Some 25 people have been killed by avalanches in France this season
Some 25 people have been killed by avalanches in France this season

France tells skiers to exercise ‘utmost caution’ after avalanche claims two more lives

Minister issues warning to those going off piste in the French Alps

Helen Coffey
Monday 05 March 2018 17:52

Those skiing and snowboarding in France have been warned to exercise caution after yet another avalanche in the Alps resulted in two deaths, while three other people are still missing.

The avalanche on Sunday 4 March brought the death toll in the French mountains to 25 since November 2017.

The two skiers, one French and one Belgian, died around lunchtime while skiing off-piste near Vallorcine in the Chamonix-Mont Blanc region.

Another avalanche around an hour earlier in the resort of Samoens swept away a Swiss hiker – his body has not yet been found, causing authorities to assume the worst.

“We are pessimistic about his chances as he has already been five hours under the snow,” an Haute-Savoie regional official told AFP on Sunday.

In response, Minister of the Interior of France, Gerard Collomb, has warned those doing snow sports to be careful.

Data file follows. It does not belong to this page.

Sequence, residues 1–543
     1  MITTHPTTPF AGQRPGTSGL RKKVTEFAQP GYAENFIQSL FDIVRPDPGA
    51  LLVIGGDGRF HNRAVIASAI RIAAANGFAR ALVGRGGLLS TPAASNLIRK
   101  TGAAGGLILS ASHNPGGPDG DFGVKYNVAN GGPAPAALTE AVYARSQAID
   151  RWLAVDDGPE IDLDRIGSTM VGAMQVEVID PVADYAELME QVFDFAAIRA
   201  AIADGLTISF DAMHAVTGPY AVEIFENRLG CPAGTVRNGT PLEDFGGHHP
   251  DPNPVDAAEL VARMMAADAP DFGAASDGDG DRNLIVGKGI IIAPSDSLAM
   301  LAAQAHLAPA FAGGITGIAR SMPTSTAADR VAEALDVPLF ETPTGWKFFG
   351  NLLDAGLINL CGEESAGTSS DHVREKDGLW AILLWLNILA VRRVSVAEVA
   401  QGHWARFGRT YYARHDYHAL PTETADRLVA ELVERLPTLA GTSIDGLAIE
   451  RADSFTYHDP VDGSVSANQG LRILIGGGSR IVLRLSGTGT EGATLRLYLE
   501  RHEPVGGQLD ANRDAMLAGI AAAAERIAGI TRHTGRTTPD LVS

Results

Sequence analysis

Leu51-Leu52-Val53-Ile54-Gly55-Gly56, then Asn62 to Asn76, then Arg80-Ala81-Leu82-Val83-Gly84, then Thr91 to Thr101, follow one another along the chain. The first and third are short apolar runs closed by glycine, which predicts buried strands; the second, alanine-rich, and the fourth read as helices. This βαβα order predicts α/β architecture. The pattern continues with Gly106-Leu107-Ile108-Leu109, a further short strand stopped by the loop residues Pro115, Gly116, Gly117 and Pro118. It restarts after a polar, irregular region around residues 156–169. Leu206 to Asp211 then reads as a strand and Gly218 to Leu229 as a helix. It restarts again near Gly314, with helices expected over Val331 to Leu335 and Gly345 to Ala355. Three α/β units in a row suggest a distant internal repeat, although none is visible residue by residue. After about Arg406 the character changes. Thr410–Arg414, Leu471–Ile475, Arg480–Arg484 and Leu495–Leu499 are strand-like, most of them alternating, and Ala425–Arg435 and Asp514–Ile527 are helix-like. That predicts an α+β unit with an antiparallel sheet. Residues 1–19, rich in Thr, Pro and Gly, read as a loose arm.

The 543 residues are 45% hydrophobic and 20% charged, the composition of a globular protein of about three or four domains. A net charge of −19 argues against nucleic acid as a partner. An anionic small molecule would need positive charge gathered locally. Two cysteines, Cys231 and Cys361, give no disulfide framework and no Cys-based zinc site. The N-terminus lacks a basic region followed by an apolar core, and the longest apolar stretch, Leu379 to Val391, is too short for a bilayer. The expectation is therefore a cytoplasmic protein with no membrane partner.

“As many avalanches have grieved our mountains, I call on all those who practice winter sports to take the utmost caution,” he wrote on Twitter. “Following the instructions of the authorities is essential in order [for people] not to endanger themselves or our rescue teams.”

The advice comes after a tragic few days in the Alps. On Friday 2 March the season’s deadliest avalanche killed four skiers in the Mercantour National Park in the French Alps. They were skiing with a guide, who was held in police custody on Friday night; an investigation has been opened into possible manslaughter and unintentional harm.

The day after the incident, two Spanish skiers were killed by an avalanche while skiing off-piste in south-east France.

And in addition to the other deaths, two skiers in Planay in the Tarentaise Valley went missing on Sunday after being caught in an avalanche off piste.

Avalanche expert Henry Schniewind, founder of Henry’s Avalanche Talk (HAT), tells The Independent: “By applying basic off-piste risk reduction measures the off piste is as safe now as anything else an average Brit would do on any average day. However, if one is not applying basic risk reduction measures, it can be very dangerous at the moment.”

HAT’s weekly snow report says: “Be very aware when skiing on high, cold, steep N’ish facing slopes where the best quality snow will be found this week. It’s also where most of the wind slab is, and will be, forming on top of a layer of unconsolidated facets or ‘sugar snow’.”

Avalanches usually occur off piste, which in European resorts means anywhere not within the piste markers, as these areas are not avalanche-protected or patrolled. Steep slopes (those between a 30 and 40-degree gradient) are the most high-risk, as are those on the windward side of the hill where snow has been blown from one side of the mountain to the other.

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